There are billions of galaxies out there besides our own, so it's something of a given that the Milky Way might have a few "twins," roughly mirroring its mass and size. And now, scientists think they’ve found one, only it's like nothing like what they expected.
Called Dragonfly 44, it's about 330 million light years away and it has almost the same mass as our Milky Way. For years, it eluded detection by scientists because it has so few stars. As a team of researchers reported last week in Astrophysical Journal Letters, a whopping 99.99 percent of Dragonfly 44 is made up of dark matter.
Dragonfly 44 might effectively match the Milky Way in mass, but unlike our own galaxy, it only has one star for every 100. That's such a thin population, said the study's author Pieter van Dokkum of Yale University in a statement to Yale News, that without the dark matter to hold it in place, Dragonfly 44 "would quickly be ripped apart unless something was holding it together." It's so faint, in fact, that if they hadn't been using the ultra-powerful telescopes of the Keck and Gemini observatories in Hawaii, van Dokkum and his team may never have found it.
Technically, dark matter galaxies aren't that unknown. The key difference, though, is that most of the other known examples are so small that they would be better described as clusters. Until now, none of them have been so incomprehensibly massive as Dragonfly 44.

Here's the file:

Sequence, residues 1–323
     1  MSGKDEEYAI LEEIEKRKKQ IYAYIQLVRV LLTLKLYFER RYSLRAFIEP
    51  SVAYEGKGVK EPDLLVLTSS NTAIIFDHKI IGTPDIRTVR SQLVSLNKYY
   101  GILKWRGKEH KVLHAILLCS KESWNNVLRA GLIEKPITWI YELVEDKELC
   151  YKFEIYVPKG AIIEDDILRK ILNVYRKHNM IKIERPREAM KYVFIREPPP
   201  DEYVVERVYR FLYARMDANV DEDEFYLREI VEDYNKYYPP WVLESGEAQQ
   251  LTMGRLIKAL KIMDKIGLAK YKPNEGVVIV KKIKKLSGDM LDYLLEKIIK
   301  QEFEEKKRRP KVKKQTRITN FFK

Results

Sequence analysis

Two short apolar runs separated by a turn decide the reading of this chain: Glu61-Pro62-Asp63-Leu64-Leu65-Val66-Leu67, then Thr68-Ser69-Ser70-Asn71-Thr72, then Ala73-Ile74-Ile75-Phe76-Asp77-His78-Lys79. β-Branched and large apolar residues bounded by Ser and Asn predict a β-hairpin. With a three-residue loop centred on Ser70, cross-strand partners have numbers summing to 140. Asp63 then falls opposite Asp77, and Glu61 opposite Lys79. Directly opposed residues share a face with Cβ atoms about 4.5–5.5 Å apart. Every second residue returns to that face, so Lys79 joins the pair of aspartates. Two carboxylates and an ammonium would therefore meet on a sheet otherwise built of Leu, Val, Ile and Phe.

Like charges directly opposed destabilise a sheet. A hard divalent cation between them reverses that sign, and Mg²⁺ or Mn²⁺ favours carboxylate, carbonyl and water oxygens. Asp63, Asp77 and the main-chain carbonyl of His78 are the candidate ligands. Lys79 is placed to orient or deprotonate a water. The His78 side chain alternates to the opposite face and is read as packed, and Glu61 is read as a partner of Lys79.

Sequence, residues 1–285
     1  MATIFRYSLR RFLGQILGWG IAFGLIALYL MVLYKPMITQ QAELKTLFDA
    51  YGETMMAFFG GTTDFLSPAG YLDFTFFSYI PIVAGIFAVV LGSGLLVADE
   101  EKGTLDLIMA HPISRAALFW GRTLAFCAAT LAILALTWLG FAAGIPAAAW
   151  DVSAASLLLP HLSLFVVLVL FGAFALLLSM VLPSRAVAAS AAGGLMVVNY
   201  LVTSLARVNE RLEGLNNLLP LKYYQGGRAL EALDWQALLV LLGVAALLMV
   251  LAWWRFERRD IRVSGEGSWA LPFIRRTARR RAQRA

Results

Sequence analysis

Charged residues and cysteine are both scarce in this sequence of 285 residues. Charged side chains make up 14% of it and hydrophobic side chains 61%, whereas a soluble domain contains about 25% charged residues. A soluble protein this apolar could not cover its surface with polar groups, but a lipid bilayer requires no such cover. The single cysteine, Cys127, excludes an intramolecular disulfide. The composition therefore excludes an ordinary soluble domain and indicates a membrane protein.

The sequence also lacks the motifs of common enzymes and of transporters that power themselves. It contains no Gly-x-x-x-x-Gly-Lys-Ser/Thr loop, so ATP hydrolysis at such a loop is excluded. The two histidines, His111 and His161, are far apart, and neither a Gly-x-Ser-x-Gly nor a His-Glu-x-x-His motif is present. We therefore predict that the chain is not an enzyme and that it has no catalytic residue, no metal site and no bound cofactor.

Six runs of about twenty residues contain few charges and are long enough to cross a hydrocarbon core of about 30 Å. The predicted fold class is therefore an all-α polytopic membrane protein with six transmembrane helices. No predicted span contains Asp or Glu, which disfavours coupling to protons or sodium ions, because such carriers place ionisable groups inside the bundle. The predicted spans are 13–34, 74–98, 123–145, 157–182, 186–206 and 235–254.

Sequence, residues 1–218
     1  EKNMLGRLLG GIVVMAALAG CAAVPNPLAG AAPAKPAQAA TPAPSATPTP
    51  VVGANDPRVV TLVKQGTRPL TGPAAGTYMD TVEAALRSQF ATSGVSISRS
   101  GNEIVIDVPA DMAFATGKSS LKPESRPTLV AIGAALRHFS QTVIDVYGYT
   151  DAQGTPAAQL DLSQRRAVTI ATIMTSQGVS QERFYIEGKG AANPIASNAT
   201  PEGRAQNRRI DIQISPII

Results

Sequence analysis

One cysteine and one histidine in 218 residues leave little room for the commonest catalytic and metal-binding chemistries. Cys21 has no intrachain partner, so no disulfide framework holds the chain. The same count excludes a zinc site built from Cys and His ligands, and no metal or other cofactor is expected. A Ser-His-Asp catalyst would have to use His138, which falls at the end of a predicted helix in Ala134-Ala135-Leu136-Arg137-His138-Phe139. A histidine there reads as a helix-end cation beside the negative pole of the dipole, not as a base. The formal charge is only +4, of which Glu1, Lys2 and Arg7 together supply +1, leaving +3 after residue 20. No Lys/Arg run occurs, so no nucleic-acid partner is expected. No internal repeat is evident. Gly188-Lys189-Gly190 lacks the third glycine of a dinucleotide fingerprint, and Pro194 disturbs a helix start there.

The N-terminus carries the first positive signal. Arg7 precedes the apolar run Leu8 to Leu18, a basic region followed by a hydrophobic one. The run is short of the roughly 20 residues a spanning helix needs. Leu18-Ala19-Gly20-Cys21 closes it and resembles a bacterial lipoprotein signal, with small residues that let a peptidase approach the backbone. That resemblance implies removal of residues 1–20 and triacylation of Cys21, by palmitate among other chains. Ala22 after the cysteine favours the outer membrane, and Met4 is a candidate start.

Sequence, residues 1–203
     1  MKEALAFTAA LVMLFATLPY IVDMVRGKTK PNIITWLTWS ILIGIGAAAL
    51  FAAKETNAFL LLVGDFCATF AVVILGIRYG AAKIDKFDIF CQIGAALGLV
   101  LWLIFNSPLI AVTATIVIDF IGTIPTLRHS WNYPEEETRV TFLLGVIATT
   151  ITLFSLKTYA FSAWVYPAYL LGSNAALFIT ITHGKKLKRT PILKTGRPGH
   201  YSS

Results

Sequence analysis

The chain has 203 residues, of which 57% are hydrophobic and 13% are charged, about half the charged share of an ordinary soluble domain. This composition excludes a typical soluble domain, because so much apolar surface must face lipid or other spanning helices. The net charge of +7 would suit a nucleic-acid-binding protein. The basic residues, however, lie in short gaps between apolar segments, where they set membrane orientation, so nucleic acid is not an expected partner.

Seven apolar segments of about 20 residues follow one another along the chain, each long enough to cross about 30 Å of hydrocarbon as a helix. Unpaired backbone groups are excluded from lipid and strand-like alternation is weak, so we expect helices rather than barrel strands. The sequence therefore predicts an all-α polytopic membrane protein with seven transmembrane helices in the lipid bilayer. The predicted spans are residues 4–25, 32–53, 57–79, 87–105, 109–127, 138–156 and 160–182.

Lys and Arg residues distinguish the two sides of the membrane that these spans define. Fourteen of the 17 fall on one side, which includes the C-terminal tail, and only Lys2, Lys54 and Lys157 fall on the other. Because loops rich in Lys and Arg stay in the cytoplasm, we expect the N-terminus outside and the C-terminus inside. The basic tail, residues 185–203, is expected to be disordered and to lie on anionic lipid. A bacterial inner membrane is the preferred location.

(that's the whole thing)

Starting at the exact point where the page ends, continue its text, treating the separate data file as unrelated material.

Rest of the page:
But it's a significant find, as it means we might be on our way to figuring out what dark matter is. As things stand, we really only know about it because of its effect on directly observable objects and phenomena. And it remains a massive question mark, as some models suggest dark matter may account for around 90 percent of the material in the universe.
"Ultimately what we really want to learn is what dark matter is,” van Dokkum said. "The race is on to find massive dark galaxies that are even closer to us than Dragonfly 44, so we can look for feeble signals that may reveal a dark matter particle."
from Our Galaxy Has a Twin, and It's Made Almost Entirely of Dark Matter